Abstract: A recent method, denoted in vivo g-ratio-weighted imaging, has related the microscopic g-ratio, only accessible by ex vivo histology, to noninvasive MRI markers for the fiber volume fraction (FVF) and myelin volume fraction (MVF). Different MRI markers have been proposed for g-ratio weighted imaging, leaving open the question which combination of imaging markers is optimal. To address this question, the repeatability and comparability of four g-ratio methods based on different combinations of, respectively, two imaging markers for FVF (tract-fiber density, TFD, and neurite orientation dispersion and density imaging, NODDI) and two imaging markers for MVF (magnetization transfer saturation rate, MT, and, from proton density maps, macromolecular tissue volume, MTV) were tested in a scan-rescan experiment in two groups. Moreover, it was tested how the repeatability and comparability were affected by two key processing steps, namely the masking of unreliable voxels (e.g., due to partial volume effects) at the group level and the calibration value used to link MRI markers to MVF (and FVF). Our data showed that repeatability and comparability depend largely on the marker for the FVF (NODDI outperformed TFD), and that they were improved by masking. Overall, the g-ratio method based on NODDI and MT showed the highest repeatability (90%) and lowest variability between groups (3.5%). Finally, our results indicate that the calibration procedure is crucial, for example, calibration to a lower g-ratio value (g = 0.6) than the commonly used one (g = 0.7) can change not only repeatability and comparability but also the reported dependency on the FVF imaging marker. Hum Brain Mapp 39:24-41, 2018. © 2017 Wiley Periodicals, Inc.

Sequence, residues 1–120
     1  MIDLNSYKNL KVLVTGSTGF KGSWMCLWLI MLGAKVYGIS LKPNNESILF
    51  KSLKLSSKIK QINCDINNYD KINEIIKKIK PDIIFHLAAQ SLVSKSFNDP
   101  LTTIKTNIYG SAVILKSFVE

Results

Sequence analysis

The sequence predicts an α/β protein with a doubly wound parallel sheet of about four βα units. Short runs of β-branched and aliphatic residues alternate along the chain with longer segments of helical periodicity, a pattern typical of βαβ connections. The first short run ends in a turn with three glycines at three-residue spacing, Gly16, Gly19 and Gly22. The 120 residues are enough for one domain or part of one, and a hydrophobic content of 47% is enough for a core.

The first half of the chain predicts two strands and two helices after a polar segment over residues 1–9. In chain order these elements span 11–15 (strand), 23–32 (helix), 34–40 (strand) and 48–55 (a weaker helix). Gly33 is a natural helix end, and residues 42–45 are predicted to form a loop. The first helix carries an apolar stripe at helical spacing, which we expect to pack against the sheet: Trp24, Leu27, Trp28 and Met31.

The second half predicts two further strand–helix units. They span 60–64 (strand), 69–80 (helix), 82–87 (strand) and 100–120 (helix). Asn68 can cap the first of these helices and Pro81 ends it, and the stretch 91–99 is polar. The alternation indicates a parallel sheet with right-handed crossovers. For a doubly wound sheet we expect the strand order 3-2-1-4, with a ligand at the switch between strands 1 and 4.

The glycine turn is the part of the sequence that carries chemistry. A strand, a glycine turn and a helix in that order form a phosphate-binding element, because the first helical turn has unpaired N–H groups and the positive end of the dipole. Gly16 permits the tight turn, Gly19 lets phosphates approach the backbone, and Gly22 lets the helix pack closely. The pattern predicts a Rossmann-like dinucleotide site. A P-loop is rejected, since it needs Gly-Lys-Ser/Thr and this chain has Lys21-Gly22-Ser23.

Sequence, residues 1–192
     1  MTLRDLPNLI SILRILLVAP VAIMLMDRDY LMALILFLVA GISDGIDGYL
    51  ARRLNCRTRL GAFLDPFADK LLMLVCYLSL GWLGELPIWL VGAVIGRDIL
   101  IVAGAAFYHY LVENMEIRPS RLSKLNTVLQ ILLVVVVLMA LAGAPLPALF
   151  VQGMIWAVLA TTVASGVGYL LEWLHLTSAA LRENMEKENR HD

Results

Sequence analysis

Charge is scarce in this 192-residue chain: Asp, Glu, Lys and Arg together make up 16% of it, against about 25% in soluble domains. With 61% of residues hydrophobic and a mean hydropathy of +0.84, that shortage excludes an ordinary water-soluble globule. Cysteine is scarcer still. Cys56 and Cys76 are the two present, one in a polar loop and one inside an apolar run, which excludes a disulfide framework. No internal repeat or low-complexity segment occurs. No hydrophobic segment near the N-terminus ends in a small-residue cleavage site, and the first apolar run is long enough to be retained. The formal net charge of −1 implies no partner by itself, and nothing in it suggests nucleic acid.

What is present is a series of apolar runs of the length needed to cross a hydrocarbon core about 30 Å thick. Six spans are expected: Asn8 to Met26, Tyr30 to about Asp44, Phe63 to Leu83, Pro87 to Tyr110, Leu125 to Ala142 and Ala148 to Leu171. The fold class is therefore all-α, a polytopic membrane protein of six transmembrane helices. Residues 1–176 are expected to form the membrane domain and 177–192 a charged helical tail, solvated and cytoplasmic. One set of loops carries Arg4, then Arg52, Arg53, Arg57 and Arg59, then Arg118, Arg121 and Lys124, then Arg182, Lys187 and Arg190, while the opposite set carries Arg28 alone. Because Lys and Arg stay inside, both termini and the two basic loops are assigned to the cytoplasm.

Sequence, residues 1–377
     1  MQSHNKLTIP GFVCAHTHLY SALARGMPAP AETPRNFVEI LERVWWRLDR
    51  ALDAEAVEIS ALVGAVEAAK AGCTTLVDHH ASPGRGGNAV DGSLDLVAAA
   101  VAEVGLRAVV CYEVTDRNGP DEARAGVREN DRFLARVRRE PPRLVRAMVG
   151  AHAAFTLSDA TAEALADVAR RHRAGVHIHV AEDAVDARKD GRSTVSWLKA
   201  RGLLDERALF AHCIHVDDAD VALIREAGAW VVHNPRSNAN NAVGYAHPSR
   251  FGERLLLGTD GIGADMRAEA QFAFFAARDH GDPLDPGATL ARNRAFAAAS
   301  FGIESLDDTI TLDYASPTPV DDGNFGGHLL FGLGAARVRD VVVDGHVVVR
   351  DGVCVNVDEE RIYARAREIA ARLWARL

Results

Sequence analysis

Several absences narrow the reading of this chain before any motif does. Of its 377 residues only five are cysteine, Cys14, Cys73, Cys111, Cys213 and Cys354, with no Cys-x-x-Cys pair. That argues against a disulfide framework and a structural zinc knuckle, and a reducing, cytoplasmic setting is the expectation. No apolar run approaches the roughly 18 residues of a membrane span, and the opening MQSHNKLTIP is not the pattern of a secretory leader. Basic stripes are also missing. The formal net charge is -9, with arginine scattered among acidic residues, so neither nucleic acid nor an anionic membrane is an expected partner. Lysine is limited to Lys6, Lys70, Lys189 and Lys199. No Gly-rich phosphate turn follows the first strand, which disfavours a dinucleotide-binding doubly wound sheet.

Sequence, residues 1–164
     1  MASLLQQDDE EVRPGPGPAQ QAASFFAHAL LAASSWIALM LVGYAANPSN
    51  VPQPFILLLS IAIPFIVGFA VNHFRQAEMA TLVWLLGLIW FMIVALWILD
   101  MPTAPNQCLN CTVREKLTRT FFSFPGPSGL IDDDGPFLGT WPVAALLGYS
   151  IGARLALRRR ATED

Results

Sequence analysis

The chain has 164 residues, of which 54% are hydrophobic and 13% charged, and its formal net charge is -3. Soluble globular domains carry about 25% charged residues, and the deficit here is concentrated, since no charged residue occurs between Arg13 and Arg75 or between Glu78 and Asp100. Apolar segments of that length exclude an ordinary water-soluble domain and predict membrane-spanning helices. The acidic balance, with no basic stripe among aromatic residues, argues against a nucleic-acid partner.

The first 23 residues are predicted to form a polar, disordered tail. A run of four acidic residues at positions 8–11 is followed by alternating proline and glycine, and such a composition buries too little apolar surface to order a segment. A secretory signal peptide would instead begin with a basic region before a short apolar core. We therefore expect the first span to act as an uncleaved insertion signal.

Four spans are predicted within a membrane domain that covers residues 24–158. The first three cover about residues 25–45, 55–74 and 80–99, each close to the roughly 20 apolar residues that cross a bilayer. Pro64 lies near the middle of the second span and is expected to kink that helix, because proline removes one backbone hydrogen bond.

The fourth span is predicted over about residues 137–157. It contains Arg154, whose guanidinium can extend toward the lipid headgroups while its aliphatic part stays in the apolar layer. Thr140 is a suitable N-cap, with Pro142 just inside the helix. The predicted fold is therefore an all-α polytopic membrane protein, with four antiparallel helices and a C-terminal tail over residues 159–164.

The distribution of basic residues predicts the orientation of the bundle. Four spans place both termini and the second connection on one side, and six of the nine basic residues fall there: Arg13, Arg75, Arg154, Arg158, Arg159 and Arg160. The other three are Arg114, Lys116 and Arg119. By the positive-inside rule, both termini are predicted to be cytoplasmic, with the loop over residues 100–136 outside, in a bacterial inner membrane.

23 citations


Cites background from "Physiological Dynamics in Demyelina..."

  • ...It has been suggested that in the healthy condition axons and their microscopic substructures (e.g., their g-ratio) are finely tuned biological devices and that changes of their composition can lead to clinical syndromes [Coggan et al., 2015]....

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  • ..., their g-ratio) are finely tuned biological devices and that changes of their composition can lead to clinical syndromes [Coggan et al., 2015]....

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Journal ArticleDOI